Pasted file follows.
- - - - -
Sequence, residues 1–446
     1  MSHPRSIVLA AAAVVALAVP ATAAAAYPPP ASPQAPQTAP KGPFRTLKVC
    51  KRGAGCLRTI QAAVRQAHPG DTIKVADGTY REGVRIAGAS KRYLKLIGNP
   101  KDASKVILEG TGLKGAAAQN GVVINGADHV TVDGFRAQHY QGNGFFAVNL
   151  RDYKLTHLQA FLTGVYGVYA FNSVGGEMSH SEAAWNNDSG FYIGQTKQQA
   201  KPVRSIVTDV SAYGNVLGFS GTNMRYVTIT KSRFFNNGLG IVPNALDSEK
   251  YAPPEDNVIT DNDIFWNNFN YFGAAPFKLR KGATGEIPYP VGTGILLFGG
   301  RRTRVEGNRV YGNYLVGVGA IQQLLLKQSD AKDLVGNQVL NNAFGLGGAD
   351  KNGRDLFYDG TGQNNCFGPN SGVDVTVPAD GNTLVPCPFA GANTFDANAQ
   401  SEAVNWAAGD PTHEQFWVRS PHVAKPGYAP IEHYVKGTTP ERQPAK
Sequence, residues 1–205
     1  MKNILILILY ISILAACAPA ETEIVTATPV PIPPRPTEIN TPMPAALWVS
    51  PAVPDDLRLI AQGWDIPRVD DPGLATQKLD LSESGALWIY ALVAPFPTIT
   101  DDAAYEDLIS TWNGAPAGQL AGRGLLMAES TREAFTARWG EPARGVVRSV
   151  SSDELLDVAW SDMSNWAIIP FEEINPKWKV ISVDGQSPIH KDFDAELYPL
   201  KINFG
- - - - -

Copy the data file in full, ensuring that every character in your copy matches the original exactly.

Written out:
Sequence, residues 1–446
     1  MSHPRSIVLA AAAVVALAVP ATAAAAYPPP ASPQAPQTAP KGPFRTLKVC
    51  KRGAGCLRTI QAAVRQAHPG DTIKVADGTY REGVRIAGAS KRYLKLIGNP
   101  KDASKVILEG TGLKGAAAQN GVVINGADHV TVDGFRAQHY QGNGFFAVNL
   151  RDYKLTHLQA FLTGVYGVYA FNSVGGEMSH SEAAWNNDSG FYIGQTKQQA
   201  KPVRSIVTDV SAYGNVLGFS GTNMRYVTIT KSRFFNNGLG IVPNALDSEK
   251  YAPPEDNVIT DNDIFWNNFN YFGAAPFKLR KGATGEIPYP VGTGILLFGG
   301  RRTRVEGNRV YGNYLVGVGA IQQLLLKQSD AKDLVGNQVL NNAFGLGGAD
   351  KNGRDLFYDG TGQNNCFGPN SGVDVTVPAD GNTLVPCPFA GANTFDANAQ
   401  SEAVNWAAGD PTHEQFWVRS PHVAKPGYAP IEHYVKGTTP ERQPAK
Sequence, residues 1–205
     1  MKNILILILY ISILAACAPA ETEIVTATPV PIPPRPTEIN TPMPAALWVS
    51  PAVPDDLRLI AQGWDIPRVD DPGLATQKLD LSESGALWIY ALVAPFPTIT
   101  DDAAYEDLIS TWNGAPAGQL AGRGLLMAES TREAFTARWG EPARGVVRSV
   151  SSDELLDVAW SDMSNWAIIP FEEINPKWKV ISVDGQSPIH KDFDAELYPL
   201  KINFG